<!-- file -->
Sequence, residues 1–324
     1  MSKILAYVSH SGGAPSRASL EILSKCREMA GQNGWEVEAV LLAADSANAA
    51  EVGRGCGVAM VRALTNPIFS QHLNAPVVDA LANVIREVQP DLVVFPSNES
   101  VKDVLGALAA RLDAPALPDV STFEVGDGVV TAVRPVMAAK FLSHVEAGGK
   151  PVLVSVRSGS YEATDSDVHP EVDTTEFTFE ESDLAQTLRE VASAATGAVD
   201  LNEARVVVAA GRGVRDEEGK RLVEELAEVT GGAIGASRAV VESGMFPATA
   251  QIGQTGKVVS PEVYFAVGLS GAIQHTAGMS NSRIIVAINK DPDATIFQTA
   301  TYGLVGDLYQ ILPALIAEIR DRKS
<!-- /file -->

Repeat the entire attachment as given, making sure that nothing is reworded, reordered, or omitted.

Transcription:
Sequence, residues 1–324
     1  MSKILAYVSH SGGAPSRASL EILSKCREMA GQNGWEVEAV LLAADSANAA
    51  EVGRGCGVAM VRALTNPIFS QHLNAPVVDA LANVIREVQP DLVVFPSNES
   101  VKDVLGALAA RLDAPALPDV STFEVGDGVV TAVRPVMAAK FLSHVEAGGK
   151  PVLVSVRSGS YEATDSDVHP EVDTTEFTFE ESDLAQTLRE VASAATGAVD
   201  LNEARVVVAA GRGVRDEEGK RLVEELAEVT GGAIGASRAV VESGMFPATA
   251  QIGQTGKVVS PEVYFAVGLS GAIQHTAGMS NSRIIVAINK DPDATIFQTA
   301  TYGLVGDLYQ ILPALIAEIR DRKS